"Please remember, you can't be the owner you want to be.
You must be the owner your dog needs you to be."

Freedom is to be earned. Example: If your dog won't sit for you at the door to go outside, she has just lost the privilege to run loose in the back yard this time. She is to be put on leash (with you holding the other end) to relieve herself.

Praise your dog! She can have as much love and attention as she earns. Acknowledging her when she does something right will help her understand what behaviors are acceptable and which ones aren't. Even a smile and wink from you means the world to your dog. Never underestimate kindness.


Children feel loved and safe when rules and structure and given to them. Dogs are the same. Each time you want to 'give in' to your dog, think about his mental and emotional well being first. Instant gratification does not equal a happy individual. Having a responsible parent who makes all the difficult decisions in life does.

When you have a dog and/or human child, it's not 'all about you' anymore. As the grown-up, it's your job to take care of that baby and do the right thing even if it seems hard in the moment. Example: If your dog gets 'growly' when she's on your bed, don't let that baby back up there till she learns how to behave appropriately. Even if she's cute, even if she's looking at you with those big eyes and even if she's whining desperately. Be the adult and do right by her. You wouldn't let your human child eat chocolate cake every day for breakfast just because she wants it, so don't let your dog do things that aren't in her best interest either. Trust me, seeing your dog happy, healthy, confident and emotionally stable is worth the all work.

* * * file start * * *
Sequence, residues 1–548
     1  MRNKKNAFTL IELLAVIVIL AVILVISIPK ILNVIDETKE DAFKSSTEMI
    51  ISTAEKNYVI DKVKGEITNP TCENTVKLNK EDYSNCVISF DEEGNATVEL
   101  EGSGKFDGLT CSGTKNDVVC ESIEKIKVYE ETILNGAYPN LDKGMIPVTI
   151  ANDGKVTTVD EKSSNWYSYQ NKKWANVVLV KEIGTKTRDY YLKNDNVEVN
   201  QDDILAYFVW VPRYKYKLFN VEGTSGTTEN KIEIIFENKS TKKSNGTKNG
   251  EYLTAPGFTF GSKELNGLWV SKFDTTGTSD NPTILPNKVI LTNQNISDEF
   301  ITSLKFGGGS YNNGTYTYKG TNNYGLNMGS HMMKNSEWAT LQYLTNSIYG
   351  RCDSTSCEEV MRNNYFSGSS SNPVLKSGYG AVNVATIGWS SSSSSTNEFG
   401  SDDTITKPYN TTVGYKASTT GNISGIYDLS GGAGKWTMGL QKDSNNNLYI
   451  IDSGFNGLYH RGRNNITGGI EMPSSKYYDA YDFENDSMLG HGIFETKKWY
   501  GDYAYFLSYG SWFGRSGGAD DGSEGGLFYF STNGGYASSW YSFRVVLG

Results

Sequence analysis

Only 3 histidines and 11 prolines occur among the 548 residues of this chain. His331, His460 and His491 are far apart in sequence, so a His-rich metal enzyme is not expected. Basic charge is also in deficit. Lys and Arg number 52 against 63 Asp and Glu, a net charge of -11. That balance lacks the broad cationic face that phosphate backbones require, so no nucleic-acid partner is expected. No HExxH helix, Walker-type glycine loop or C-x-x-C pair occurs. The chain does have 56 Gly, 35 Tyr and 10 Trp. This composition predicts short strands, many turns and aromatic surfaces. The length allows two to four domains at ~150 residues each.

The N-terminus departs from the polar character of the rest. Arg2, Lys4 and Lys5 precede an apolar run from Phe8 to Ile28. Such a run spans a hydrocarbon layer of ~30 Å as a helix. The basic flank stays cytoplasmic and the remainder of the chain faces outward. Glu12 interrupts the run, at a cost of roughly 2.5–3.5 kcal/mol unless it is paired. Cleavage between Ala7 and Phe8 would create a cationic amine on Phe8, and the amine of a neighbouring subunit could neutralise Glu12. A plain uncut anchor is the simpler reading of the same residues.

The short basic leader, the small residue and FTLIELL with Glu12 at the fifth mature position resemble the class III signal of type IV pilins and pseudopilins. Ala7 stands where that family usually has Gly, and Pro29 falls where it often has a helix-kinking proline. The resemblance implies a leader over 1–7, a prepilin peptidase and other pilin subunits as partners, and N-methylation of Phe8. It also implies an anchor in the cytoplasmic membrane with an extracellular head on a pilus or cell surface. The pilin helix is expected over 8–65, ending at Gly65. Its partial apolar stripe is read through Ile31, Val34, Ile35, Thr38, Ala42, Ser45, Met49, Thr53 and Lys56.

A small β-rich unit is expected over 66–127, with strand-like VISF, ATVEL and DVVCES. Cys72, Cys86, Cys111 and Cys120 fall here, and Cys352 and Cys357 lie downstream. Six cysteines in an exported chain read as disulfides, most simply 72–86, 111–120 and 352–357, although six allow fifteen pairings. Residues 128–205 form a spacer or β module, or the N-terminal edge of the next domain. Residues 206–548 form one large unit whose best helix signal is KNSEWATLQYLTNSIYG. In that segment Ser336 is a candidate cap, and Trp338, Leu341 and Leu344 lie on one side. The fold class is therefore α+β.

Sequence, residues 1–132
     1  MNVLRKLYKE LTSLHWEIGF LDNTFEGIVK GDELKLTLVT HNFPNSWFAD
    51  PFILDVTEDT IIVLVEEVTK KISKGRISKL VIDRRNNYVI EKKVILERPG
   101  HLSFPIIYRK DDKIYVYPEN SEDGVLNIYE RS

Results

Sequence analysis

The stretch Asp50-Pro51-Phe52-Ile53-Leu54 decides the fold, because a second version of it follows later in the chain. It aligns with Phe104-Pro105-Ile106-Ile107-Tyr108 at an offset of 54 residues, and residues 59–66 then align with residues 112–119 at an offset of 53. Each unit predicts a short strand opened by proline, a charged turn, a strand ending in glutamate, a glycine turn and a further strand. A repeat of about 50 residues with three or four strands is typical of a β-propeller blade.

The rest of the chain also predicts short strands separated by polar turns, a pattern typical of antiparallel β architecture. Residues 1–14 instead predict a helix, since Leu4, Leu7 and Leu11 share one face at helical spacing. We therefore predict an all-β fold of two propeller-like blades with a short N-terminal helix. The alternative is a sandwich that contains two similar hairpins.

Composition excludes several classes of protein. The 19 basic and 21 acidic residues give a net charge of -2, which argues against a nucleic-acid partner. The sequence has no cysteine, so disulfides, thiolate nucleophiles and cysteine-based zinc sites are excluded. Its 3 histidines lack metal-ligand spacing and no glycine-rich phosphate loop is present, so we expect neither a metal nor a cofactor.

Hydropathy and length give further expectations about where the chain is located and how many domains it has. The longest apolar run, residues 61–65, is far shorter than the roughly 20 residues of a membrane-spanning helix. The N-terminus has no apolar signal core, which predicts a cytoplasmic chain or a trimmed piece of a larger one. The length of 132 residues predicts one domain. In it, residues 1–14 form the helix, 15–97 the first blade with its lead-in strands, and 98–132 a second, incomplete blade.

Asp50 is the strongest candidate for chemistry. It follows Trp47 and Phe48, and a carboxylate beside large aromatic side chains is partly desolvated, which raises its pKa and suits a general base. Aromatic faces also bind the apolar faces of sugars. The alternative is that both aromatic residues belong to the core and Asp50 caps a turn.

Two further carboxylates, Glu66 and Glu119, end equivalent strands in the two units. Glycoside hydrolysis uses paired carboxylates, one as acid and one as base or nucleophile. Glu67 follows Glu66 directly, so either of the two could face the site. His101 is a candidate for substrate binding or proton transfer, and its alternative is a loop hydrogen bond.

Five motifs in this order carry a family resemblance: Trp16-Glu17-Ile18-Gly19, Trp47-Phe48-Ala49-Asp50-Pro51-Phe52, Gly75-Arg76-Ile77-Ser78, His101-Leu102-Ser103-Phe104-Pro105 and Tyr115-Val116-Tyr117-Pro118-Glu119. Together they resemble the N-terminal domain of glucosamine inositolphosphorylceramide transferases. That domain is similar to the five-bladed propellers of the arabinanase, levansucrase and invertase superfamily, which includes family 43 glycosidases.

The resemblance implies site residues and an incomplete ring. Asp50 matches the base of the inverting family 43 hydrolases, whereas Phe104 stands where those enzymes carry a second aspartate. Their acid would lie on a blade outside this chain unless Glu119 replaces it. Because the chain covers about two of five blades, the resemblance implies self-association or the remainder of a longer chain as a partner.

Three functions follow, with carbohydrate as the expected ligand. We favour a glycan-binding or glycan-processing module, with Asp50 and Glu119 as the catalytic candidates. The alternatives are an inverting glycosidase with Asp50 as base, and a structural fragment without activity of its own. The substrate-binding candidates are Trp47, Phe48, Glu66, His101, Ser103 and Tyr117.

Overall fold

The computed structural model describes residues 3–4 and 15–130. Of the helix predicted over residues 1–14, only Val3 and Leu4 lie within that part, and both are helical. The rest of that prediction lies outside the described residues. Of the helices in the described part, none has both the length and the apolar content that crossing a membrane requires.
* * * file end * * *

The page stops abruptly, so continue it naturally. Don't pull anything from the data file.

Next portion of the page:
________________

This program contains information from the books Clinical Behavioral Medicine for Small Animals by Dr. Karen L. Overall, Dogs Behaving Badly by Dr. Nicholas Dodman as well as my own methods.

By Cinimon Clark, TurnaroundTraining

 


 

Desensitization Training
Desensitizing a Cat-Aggressive Dog
Cat/Dog Households
Crate & Rotate
Dog Introductions
Fostering Pit Bulls